Turns out one group of openly gay humans polluting the sanctity of New York City’s annual St. Patrick’s Day parade is way more than enough.
After allegedly lifting the centuries-old ban on LGBTs marching in the parade, organizers have confirmed that the one group they’ve approved to march in the 2015 parade is the only group that is eligible, mostly because that group represents the national broadcasting corporation that will bring the parade to America’s living rooms.
Last week, organizers of the historically homophobic event announced that they would allow “[email protected]”, the LGBT group within corporate NBC, to march in next year’s parade. Despite his surrender to homosexuals, Grand Marshall Cardinal Dolan assured the drunk masses that the parade would still remain “close to its Catholic heritage.”
But according to BuzzFeed, the parade’s ban on LGBTs still remains intact for those who do not work directly for NBC. In the week since the ban had been “lifted,” parade organizers have advised three Irish LGBT groups to apply for inclusion in the 2016 parade because, well, there is already a group of LGBTs marching in 2015.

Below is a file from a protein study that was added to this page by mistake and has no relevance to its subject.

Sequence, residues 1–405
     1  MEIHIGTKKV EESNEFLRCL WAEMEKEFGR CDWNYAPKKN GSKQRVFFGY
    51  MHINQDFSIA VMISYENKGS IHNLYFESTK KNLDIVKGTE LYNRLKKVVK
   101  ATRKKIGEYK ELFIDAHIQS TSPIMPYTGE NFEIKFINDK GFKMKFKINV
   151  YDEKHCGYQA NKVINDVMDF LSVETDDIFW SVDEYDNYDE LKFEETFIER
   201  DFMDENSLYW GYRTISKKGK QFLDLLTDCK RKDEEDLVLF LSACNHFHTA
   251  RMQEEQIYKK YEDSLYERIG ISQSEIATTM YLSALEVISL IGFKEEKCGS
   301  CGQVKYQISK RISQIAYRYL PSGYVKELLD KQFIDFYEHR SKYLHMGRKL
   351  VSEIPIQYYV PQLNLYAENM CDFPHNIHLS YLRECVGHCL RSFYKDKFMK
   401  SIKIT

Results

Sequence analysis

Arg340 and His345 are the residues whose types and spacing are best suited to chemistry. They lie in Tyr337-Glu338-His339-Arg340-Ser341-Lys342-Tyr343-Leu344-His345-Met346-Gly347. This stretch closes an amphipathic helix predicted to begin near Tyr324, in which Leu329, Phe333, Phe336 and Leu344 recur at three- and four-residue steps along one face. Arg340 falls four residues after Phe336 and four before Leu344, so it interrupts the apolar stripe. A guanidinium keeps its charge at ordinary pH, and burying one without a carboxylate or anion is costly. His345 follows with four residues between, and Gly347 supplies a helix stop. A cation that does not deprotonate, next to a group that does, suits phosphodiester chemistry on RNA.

And as expected, they have failed to explain why these LGBT groups are not eligible to march in 2015, even though registration for heterosexual groups is open until mid-December.
The groups — Irish Queers, Lavender and Green Alliance, and St. Pat’s for All — are now accusing the parade of being homophobic. Quelle surprise.
“The one LGBT group that’s allowed to march in next year’s parade has nothing to do with the Irish community,” Emmaia Gelman, a member of all three groups, told BuzzFeed. “NBC is using its LGBT employee group to solve its problem, which is that it was embarrassed to continue sponsoring the event when the parade continues its exclusion of LGBT groups. This was a corporate decision.”
But are we really surprised? It was pretty much understood that the parade’s new “tolerance” policy was a desperate attempt to save the beer sponsorships it lost last year, not decency.
Photo: Ed Yourdon, Flickr